It must be the end zone. How else to explain the miracle in Missouri, the bizarre bounce of a ball off one player's toes into the fingertips of another. Nebraska might look back at the end of the season and call it destiny.
True, the Cornhuskers are no longer the No.
1 team in the country. In fact, they dropped two spots in both the Associated Press and ESPN/USA Today polls, falling behind Michigan and Florida State.
That is highly unusual. But so was Nebraska's 45-38 overtime victory against Missouri. Voters in both polls penalized the Corn- huskers because they were extremely fortunate to win despite being 29-point favorites.
But the drop in the polls is far from devastating. The Corn- huskers remain undefeated and ranked third, still in line for an alliance bowl slot in the Orange Bowl to play for the national championship.
And their road is much easier, given the fact that FSU and Michigan each have games against highly-ranked bitter rivals; FSU plays at No. 12 Florida on Nov. 22, the same day Michigan hosts No. 4 Ohio State.
The bottom line for Nebraska is the goose egg, and the Cornhuskers are 9-0. With victories against Iowa State and Colorado and a win in the Big 12 Championship Game, the Cornhuskers will be in position to claim their third national title in four years.
The fluke play, no matter how long it is discussed, will cease to be a factor if the Cornhuskers make it to Jan. 2 without a loss.
Just ask Colorado, which won in bizarre fashion in a 1990 game at Missouri _ in the same end zone where Nebraska found its fortune Saturday. The Buffaloes scored the game-winning touchdown in the waning seconds, but only after officials lost track of downs. The score came on fifth down.
Although the victory was highly controversial, it counted. And it did not cost the Buffs when they went to the Orange Bowl, defeated Notre Dame and won the national championship with an 11-1-1 record.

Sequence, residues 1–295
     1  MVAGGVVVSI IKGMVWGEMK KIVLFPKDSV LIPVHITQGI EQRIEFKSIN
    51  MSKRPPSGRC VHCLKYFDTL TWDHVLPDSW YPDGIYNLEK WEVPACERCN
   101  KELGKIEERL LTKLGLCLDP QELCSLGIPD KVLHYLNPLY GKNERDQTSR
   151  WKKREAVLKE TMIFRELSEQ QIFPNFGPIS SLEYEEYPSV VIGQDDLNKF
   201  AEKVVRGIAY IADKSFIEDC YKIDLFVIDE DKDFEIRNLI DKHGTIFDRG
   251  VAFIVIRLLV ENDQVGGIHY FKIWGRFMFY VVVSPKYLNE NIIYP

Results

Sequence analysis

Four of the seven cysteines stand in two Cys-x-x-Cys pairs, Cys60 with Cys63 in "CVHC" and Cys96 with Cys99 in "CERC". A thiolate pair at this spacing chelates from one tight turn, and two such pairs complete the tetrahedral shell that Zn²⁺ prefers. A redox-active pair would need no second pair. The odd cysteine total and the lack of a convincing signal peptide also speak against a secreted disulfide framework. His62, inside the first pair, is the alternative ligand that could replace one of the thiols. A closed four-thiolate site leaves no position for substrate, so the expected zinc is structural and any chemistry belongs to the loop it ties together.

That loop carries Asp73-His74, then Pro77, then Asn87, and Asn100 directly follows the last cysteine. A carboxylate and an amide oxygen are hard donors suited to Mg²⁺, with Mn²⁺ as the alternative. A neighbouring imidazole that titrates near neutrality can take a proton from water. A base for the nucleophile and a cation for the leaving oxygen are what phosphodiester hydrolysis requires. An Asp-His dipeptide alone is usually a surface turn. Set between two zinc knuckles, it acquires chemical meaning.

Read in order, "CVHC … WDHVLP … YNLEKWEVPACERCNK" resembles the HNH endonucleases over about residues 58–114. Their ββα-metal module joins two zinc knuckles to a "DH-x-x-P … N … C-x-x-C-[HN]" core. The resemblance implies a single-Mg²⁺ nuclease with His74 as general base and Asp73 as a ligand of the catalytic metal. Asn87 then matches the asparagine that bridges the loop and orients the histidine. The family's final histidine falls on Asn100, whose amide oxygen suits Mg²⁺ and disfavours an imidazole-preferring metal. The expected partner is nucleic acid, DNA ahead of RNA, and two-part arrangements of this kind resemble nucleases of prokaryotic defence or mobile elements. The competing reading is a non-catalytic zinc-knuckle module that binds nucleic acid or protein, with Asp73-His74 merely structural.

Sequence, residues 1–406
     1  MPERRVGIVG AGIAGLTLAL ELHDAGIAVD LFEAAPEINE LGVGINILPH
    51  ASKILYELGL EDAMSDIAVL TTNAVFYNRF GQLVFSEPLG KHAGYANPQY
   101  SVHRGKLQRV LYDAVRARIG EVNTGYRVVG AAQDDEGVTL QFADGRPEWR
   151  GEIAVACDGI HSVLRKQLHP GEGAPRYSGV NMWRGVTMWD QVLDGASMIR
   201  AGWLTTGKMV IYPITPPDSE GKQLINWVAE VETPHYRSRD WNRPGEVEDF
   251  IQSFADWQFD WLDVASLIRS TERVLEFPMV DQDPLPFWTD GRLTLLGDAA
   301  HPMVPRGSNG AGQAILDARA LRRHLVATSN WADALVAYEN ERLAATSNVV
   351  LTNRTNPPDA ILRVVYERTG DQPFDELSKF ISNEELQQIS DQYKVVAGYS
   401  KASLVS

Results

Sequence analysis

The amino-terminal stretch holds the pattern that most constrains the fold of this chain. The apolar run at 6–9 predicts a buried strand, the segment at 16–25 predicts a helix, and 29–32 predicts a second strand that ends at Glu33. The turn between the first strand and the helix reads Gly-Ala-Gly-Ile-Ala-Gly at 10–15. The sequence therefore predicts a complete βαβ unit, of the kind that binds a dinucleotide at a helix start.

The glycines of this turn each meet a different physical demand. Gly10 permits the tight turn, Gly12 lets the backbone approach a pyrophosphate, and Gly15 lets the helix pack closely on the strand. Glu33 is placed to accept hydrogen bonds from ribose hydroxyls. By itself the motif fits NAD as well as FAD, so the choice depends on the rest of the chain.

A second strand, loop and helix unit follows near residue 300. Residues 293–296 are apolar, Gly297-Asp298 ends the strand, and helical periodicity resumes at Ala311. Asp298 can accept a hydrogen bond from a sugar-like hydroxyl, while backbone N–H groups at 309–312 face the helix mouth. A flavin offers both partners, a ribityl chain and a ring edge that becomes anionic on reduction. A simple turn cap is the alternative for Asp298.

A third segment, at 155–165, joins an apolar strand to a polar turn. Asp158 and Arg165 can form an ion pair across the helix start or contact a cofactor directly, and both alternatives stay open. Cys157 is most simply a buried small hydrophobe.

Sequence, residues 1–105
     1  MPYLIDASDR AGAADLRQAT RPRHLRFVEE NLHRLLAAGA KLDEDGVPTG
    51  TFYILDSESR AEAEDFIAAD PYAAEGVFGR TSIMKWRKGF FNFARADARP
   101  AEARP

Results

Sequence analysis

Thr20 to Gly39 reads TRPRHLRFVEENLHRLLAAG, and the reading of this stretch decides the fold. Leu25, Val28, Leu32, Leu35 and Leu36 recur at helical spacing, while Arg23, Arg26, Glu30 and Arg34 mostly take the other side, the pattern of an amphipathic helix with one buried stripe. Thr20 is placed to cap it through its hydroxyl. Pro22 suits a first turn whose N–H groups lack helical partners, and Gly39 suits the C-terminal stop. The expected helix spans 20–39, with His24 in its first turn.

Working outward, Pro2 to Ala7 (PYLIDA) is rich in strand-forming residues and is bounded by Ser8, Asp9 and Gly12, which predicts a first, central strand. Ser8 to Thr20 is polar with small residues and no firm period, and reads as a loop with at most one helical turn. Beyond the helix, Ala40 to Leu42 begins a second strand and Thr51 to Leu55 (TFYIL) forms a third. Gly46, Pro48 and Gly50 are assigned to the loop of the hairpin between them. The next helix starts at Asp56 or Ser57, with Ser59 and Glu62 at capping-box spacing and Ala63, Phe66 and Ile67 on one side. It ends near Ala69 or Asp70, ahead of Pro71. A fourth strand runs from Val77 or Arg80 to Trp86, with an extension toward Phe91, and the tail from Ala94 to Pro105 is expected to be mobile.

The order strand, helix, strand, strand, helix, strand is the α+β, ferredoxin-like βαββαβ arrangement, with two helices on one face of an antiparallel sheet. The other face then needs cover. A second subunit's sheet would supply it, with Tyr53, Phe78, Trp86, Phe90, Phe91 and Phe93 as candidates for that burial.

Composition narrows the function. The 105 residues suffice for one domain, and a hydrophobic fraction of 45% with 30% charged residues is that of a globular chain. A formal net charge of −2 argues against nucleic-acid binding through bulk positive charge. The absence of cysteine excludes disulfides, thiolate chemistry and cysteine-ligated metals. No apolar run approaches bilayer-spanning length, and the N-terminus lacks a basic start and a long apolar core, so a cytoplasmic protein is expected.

Saturday's outcome was far more dramatic. Put it alongside Boston College quarterback Doug Flutie's desperation pass against Miami, Colorado quarterback Kordell Stewart's desperation heave to Michael Westbrook against Michigan, Cal's five-lateral kickoff return as time expired against Stanford.
Nebraska freshman wide receiver Matt Davison made just his sixth catch of the season, snaring Scott Frost's pass that deflected off the foot of Shevin Wiggins as time expired in regulation. That capped a 67-yard, 10-play drive that sent the game into overtime, when Frost scored his fourth touchdown of the game.
DISBELIEF: Nebraska's improbable comeback denied Missouri one of the school's greatest victories. The Tigers were riding the wave of wins over Texas, Oklahoma State and Colorado and looking forward to their first bowl berth since 1984.
"I was shocked. No one could talk or look at each other without breaking down," said Missouri running back Brock Olivo of his team's locker room afterward. "It was like a morgue, a funeral. This is total heartbreak. Shock. Disbelief. Did this really happen to us?"
Quarterback Corby Jones, who burned the Cornhuskers time and again, completing 12 of 20 passes for 233 yards with three touchdowns, also was smarting.
"If they're No. 1, we're in the Top 10," said Jones, whose team received a No. 25 ranking in the AP poll. "We had it. But we didn't give them the knockout blow."
THORN IN THE ROSE: Despite Michigan's No. 1 ranking in the AP poll and No. 2 status in the ESPN/USA Today poll, the Orange Bowl is still in position to make a claim for the national championship game Jan. 2. No. 2 FSU and No. 3 Nebraska can make it to the game undefeated.
Meanwhile, No. 1 Michigan, if it gets past Ohio State, will be forced to play a team with at least one loss _ and perhaps not ranked in the Top 10 _ in the Rose Bowl. With Washington's loss to Oregon, UCLA (7-2) is the highest-ranked Pac-10 team at No. 9.
AROUND THE NATION: Missouri's 38 points were the most allowed by Nebraska since the 1991 Citrus Bowl when Georgia Tech scored 45. It was the seventh time in the '90s the Cornhuskers allowed 30 or more points. They are 3-4 in those games. Michigan State was ranked 11th, Stanford 17th before their free falls began. They combined to open the season 9-1, but are 0-8 since. Alabama's 27-0 loss at Bryant-Denny Stadium was the Tide's third straight at the field on the Tuscaloosa campus. It had not lost three in a row there since 1954-56, and never three straight in the same season.
_ Information from other news organizations was used in this report.